Crippen asks why Liz Kendall ignored disabled-led social care plans in major speech

You may remember a blog I did about Keir Starmer’s election campaign and his promise to make fundamental reforms, including a right to independent living enshrined in law.

Well, as reported in Disability News service (DNS) this all seems to have conveniently gone away as the first major speech by Labour’s shadow social care minister Liz Kendall, ignored disabled-led proposals for fundamental reform. In her speech, Kendall made no reference to the idea of free social care, or any of the proposals made by the National Independent Living Support Service (NILSS).

The NILSS proposal, which was drawn up by Disabled People Against Cuts (DPAC) and the Reclaiming Our Futures Alliance (ROFA), would provide a universal right to independent living that was “enshrined in law”, and would introduce free social care in England, funded by national and progressive taxation.

Labour’s apparent back-tracking on Starmer’s support for NILSS comes amid mounting concern about the current government’s plans for social care reform, and the fact that no proposals were included in the recent Queen’s speech.

Speaking at the spring conference of the Association of Directors of Adult Social Services – which Labour had described as her first major speech on social care since becoming shadow minister – Kendall spoke repeatedly about the need for higher wages for care workers and more support for family carers.

She did call for more “power and control” for service-users and families and spoke about the need for more support to enable people to live in their own homes for longer, rather than in residential care.

But Kendall focused through her speech on older people’s care, even though working-age adults account for more than half (PDF) of local authority spending on social care.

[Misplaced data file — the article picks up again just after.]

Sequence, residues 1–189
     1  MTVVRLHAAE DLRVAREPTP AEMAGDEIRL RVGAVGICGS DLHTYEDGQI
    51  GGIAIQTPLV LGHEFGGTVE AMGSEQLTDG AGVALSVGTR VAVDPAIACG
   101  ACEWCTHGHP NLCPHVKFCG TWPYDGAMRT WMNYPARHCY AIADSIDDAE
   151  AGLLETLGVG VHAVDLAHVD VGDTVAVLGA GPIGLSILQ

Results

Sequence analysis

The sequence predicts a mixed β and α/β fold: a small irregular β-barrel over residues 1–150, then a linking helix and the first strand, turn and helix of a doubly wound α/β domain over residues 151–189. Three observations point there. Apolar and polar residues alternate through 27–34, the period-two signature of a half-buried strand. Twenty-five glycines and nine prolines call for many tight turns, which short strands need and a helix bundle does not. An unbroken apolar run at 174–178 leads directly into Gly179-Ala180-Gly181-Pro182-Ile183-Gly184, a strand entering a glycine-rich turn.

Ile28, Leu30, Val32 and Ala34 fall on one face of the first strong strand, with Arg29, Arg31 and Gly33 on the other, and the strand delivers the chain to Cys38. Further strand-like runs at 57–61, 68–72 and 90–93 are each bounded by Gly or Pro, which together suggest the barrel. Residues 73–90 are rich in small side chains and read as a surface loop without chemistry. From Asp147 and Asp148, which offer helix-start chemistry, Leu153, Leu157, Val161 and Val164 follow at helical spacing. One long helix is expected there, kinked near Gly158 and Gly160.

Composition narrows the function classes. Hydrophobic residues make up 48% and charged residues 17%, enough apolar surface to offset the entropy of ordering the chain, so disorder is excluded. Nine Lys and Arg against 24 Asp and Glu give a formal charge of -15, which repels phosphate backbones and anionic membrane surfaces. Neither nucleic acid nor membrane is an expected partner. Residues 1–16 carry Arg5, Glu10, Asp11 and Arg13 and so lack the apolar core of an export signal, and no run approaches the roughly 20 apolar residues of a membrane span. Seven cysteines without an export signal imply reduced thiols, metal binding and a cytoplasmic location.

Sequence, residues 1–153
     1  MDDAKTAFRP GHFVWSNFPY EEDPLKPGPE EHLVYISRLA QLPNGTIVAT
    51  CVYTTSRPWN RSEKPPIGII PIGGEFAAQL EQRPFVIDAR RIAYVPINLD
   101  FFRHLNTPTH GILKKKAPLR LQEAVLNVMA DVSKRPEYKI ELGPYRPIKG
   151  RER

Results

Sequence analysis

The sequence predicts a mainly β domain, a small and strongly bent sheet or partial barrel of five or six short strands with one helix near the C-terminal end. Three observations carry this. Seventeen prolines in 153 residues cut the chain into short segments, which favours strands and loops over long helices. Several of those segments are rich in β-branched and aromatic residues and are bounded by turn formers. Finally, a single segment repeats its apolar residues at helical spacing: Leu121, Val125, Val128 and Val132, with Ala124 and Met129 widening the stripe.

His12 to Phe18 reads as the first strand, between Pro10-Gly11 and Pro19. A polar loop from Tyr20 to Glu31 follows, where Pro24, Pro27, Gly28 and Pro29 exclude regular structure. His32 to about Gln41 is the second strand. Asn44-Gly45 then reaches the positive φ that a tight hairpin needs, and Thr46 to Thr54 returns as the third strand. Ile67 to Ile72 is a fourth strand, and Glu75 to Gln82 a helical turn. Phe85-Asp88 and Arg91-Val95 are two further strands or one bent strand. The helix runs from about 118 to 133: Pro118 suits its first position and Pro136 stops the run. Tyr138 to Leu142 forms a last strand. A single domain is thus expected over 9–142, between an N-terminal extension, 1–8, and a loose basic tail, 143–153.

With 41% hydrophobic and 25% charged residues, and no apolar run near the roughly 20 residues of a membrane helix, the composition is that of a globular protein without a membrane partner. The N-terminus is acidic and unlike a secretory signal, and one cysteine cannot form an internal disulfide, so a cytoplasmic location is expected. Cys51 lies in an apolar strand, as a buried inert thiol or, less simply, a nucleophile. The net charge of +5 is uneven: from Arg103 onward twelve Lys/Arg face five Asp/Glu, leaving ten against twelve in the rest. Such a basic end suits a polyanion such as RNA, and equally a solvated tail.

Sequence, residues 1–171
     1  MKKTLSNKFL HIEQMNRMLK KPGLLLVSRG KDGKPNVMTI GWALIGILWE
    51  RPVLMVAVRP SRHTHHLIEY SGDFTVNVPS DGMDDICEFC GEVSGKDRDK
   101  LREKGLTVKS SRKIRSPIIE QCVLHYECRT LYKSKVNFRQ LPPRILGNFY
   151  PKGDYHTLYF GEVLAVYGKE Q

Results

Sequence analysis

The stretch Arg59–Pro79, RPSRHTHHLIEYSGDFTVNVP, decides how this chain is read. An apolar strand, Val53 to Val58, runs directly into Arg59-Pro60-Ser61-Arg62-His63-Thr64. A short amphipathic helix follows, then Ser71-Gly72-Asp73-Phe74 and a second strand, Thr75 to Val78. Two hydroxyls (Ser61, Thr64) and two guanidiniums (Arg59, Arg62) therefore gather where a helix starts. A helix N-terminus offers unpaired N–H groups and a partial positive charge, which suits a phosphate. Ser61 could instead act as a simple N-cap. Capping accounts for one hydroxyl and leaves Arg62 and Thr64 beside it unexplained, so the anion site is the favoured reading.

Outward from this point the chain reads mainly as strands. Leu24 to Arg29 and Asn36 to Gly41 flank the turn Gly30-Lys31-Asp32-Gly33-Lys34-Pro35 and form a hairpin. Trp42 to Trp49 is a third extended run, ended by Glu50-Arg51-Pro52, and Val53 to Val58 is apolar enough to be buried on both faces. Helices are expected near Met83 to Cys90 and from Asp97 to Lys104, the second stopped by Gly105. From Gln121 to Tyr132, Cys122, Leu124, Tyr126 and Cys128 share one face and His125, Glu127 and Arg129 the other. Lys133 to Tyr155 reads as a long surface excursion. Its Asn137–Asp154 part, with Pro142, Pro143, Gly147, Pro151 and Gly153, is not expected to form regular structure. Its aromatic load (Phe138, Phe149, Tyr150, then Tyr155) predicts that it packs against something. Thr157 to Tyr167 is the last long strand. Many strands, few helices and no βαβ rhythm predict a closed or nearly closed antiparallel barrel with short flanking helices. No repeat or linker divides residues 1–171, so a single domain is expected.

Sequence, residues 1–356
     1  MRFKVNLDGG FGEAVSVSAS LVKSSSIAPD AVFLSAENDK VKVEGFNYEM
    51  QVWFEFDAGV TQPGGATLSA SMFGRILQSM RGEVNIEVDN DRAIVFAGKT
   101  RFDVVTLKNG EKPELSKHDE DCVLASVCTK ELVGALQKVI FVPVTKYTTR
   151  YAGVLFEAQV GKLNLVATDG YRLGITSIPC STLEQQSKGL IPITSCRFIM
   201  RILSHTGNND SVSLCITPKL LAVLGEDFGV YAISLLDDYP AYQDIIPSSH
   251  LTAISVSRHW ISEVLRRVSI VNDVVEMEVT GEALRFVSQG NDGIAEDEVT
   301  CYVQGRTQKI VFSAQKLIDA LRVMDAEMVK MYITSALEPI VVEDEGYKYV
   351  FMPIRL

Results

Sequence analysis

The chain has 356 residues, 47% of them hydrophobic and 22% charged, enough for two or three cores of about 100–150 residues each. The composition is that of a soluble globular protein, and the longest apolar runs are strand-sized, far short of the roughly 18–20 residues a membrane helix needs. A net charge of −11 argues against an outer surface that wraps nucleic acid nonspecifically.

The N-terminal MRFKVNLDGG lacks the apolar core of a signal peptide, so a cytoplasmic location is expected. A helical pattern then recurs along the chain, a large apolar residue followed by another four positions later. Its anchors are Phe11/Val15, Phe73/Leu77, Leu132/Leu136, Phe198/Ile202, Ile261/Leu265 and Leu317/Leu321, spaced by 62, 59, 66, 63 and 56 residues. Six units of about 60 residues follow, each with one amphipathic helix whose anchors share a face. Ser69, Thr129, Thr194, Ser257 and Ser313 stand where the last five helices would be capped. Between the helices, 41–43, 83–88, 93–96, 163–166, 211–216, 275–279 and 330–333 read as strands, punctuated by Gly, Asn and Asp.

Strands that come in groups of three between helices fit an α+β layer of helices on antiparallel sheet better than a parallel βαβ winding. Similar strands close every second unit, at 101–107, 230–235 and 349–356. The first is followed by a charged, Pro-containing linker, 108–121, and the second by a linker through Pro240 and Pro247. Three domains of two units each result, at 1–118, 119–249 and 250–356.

Some of the grassroots groups behind the NILSS proposals, including ROFA and DPAC, are set to meet Kendall later this month. I’ll keep you posted on the outcome.

Description of cartoon for those using screen reading software

A couple of disabled people are confronting Keir Starmer with his broken promises regarding social care. One of them, a wheelchair user with pink hair  is holding up a placard that reads ‘labour promised independent living to be enshrined in law’. Opposite them stands Starmer and a colleague, both wearing identical grey suits and red ties. Starmer’s colleague is saying: “oh come on – nobody believes election promises!” Starmer is saying: “Naive or what?!” On the floor at their feet are a couple of torn up pieces of paper with ‘free social care’ and ‘broken promises’ printed on them.

Crippen hears about an exciting project run and controlled by young disabled people

An exciting new project, RIP:STARS which was run and controlled by young disabled people, has issued its findings on the quality of Education, Health and Care Plans (EHCPs) and whether they meet disabled children and young people’s rights.

RIP:STARS, which stands for ‘Research Into Plans: Skilled Team with Ambition, Rights and Strength’, was funded by the Disability Research on Independent Living and Learning (DRILL) programme and wanted to find out whether the EHCPs actually prepare disabled children and young people for independent living and help them achieve their dreams for the future. The project is also unique in as much that it is run and controlled solely by young disabled people from Coventry, who were trained in research techniques by Coventry University.